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Frilled Shark (Chlamydoselachus anguineus)
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Taxonomic name: Chlamydoselachus anguineus
This is one of the most bizarre shark species. It's species
name, anguineus, means "eel-like", referring to
the long, slender, eel-like body which is highly flexible.
It may possibly be able to burrow into crevices in deep reefs
in search of prey although no one has observed any hunting.
The tail is long and slender with other body fins being relatively
small. There is a single dorsal fin, pelvic and anal fins.
The head is large with medium sized eyes and a very large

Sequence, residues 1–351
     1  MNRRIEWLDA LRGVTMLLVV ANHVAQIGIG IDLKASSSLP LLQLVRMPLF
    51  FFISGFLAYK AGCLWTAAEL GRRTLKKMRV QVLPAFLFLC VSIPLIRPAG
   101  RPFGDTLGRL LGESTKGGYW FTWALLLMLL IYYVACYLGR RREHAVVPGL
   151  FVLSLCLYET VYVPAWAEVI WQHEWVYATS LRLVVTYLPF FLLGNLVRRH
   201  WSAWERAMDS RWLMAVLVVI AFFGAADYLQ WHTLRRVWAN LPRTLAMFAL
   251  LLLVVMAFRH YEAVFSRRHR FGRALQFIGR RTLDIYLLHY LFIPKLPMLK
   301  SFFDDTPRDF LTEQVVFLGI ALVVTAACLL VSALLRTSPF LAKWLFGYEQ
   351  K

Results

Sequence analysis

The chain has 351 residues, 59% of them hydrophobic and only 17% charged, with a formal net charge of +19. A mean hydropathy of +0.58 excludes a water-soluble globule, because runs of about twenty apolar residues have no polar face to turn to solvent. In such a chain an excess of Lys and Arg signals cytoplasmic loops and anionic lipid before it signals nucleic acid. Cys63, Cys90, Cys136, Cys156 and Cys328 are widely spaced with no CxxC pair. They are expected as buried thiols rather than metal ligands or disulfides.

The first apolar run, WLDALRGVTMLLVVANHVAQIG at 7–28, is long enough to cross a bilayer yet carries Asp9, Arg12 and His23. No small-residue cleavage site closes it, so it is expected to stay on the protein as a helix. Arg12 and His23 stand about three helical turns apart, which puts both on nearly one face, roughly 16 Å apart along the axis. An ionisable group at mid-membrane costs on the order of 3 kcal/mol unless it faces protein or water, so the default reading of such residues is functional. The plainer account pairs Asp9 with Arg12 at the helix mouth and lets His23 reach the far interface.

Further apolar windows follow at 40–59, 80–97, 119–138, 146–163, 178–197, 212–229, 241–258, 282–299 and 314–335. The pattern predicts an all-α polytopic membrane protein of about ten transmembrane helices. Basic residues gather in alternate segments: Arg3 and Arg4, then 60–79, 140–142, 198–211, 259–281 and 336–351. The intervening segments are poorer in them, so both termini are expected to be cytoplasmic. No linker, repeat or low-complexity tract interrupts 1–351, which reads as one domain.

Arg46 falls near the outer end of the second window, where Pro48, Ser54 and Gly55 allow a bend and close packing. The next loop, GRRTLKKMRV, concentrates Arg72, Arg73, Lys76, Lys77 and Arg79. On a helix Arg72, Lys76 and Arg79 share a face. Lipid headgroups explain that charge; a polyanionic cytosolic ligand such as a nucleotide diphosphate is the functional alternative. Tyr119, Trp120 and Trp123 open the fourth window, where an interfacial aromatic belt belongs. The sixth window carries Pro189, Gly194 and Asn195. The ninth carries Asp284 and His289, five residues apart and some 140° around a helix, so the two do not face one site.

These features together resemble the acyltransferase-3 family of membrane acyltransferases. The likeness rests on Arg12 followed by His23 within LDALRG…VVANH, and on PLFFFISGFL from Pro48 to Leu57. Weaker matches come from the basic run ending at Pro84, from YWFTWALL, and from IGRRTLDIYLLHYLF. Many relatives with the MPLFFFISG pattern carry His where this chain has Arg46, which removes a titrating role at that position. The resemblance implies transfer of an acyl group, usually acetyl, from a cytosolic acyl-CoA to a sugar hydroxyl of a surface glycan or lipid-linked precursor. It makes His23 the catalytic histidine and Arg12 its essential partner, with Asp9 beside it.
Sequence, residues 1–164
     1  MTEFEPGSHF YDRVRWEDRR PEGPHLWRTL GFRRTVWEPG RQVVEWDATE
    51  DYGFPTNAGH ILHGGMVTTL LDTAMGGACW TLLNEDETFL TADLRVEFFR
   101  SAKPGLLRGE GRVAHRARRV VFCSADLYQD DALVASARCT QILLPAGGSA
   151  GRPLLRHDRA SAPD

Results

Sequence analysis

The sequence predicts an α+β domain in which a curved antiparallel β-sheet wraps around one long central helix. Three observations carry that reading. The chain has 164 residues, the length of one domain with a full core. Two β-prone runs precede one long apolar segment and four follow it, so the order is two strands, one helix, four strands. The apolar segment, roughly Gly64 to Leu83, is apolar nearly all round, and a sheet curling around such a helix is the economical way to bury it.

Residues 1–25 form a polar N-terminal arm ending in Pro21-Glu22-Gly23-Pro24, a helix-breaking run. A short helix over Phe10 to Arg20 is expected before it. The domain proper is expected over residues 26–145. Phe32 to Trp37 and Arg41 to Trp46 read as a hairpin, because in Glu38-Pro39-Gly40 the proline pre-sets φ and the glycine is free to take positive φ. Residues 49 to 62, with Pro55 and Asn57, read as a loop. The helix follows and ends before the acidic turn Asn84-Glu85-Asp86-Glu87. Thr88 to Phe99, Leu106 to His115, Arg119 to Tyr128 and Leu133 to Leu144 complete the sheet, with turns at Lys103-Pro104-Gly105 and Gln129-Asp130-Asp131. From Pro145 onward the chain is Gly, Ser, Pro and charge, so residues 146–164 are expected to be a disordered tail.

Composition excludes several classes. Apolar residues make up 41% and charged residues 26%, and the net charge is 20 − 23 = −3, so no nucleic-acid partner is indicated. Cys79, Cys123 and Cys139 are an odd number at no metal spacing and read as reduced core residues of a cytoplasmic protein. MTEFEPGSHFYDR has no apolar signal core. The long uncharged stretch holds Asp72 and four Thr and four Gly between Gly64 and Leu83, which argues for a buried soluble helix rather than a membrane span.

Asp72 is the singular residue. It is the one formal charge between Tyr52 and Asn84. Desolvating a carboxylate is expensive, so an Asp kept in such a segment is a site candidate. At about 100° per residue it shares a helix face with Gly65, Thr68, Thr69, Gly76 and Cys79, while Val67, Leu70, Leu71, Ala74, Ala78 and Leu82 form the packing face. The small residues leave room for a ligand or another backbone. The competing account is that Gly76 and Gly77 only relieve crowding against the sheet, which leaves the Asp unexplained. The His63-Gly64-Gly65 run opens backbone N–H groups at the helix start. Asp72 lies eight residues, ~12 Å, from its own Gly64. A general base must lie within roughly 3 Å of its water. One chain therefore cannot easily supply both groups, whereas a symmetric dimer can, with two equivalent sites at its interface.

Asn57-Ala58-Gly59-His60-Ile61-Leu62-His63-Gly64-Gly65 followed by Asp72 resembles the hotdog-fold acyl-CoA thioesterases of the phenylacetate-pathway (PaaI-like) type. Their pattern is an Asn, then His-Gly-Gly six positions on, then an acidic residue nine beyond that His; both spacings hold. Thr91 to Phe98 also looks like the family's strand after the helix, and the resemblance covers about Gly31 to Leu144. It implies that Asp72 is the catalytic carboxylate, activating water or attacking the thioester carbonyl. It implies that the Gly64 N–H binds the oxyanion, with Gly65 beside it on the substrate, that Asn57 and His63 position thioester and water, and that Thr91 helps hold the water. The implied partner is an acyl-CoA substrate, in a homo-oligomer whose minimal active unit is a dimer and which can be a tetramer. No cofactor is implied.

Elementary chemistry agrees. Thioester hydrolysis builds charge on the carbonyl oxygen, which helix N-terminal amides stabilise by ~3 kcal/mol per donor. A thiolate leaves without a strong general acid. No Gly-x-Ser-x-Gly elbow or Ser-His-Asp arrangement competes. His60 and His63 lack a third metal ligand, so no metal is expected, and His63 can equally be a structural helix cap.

mouth able to open very wide. The teeth are tri-cuspid, meaning
that they have three points. Since the teeth are sharp and
slender they are best suited for gripping and holding prey
so it is assumed that the feed on soft animals, such as squid,
although stomach contents have also shown it to eat other
shark species. The large mouth which is able to be opened
very wide and finely pointed teeth indicate that it swallows
it's prey whole.
Frilled sharks are found in all major oceans, mostly in temperate
regions, in depths from 120-1500m. Their common name comes
from the large gill slits which are softly feathered on the
outer edges and which also almost entirely encircle the head.
They are born at 40-60cm long and grow to about 2m long.
Teeth from extinct species are found in the fossil record.